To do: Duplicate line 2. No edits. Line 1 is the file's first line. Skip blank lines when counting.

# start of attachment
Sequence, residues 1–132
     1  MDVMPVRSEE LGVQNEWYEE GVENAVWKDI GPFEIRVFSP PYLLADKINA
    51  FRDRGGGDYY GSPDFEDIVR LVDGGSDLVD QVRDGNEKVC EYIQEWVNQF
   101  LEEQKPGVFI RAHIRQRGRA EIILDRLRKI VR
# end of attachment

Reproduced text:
     1  MDVMPVRSEE LGVQNEWYEE GVENAVWKDI GPFEIRVFSP PYLLADKINA